At a virtual event on March 30, 2020, the CNAS Asia-Pacific Security Program released a new report advancing a blueprint for a community of technology innovation and protection anchored by America and its allies. Unless the United States builds this community—an “alliance innovation base”—it will steadily lose ground in the contest with China to ascend the commanding technological heights of the 21st century. Given that technology will increasingly determine future military advantage and underpin economic prosperity, the stakes could not be higher.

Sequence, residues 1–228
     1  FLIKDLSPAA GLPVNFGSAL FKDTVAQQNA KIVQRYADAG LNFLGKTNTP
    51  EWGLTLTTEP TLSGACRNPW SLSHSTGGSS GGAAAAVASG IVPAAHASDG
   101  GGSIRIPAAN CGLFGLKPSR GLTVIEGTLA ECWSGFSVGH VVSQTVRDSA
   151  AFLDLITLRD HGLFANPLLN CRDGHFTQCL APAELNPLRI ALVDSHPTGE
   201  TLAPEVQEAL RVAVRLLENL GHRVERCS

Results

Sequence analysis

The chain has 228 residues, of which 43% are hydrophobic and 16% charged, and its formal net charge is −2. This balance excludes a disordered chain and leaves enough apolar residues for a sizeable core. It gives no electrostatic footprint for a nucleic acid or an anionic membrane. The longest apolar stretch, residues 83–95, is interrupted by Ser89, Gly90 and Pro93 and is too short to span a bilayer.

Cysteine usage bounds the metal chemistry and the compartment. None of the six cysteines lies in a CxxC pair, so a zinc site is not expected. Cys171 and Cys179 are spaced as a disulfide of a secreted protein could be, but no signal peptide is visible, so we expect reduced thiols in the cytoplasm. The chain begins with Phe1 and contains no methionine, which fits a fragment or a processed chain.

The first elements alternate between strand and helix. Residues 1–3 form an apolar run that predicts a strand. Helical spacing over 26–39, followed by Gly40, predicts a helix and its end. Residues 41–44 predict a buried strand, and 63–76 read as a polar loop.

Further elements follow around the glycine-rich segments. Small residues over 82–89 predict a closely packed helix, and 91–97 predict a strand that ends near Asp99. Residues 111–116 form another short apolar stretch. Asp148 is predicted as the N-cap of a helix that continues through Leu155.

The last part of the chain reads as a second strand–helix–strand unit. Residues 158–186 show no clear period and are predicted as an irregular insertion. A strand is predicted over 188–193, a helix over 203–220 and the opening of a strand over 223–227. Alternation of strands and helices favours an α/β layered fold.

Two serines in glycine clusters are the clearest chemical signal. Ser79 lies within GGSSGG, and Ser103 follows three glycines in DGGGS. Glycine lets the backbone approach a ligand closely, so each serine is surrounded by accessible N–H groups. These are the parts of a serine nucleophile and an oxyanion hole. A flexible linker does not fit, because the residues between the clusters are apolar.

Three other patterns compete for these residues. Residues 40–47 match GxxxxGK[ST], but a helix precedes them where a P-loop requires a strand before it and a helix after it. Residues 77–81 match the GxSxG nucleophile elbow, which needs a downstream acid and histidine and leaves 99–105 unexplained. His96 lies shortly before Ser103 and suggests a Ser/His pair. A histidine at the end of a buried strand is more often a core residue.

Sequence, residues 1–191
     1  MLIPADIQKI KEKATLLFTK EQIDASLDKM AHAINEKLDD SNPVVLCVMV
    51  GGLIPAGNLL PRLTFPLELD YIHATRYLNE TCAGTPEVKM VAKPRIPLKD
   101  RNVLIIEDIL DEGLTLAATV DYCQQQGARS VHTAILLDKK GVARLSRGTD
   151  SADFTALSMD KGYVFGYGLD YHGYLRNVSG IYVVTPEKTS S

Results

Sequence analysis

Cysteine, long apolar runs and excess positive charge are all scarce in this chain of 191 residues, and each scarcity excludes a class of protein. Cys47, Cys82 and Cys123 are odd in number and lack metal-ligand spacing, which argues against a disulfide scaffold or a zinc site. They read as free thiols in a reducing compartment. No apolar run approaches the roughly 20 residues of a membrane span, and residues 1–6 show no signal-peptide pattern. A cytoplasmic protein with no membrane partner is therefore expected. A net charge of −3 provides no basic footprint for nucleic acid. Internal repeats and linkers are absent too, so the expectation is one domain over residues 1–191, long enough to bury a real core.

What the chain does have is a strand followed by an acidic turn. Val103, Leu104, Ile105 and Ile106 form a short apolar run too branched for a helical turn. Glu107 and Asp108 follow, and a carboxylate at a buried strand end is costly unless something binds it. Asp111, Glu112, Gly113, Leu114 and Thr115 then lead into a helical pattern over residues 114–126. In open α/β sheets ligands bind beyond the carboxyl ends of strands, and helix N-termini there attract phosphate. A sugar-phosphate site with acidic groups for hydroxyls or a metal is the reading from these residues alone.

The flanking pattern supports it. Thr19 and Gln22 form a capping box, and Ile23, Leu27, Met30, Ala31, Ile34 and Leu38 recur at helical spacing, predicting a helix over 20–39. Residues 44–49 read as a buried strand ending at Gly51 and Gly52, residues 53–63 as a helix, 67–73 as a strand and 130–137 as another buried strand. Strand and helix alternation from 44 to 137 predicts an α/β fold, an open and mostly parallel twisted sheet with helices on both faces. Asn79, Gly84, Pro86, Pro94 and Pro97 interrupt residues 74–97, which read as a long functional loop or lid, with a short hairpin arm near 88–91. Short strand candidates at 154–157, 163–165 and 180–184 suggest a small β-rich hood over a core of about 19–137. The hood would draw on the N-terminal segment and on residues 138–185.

This event began with an interactive presentation of the report’s key findings and recommendations by the co-authors, Dr. Daniel Kliman, Ben FitzGerald, Kristine Lee, and Joshua Fitt, introduced by CNAS CEO Richard Fontaine. It included two panels. The first focused on how to leverage the U.S.-Japan alliance to forge an alliance innovation base, given Tokyo’s shared concerns about China’s technology ascendance, intense interest in technology protection, and enduring strengths in certain types of technology development. The second panel examined how the United States can work with a broader constellation of allies with disparate threat perceptions and capabilities to build a community of technology innovation and protection. The event concluded with an on-the-record fireside chat with Mike Brown, Director of the Defense Innovation Unit. Additional segments of the event will be made available in the coming weeks.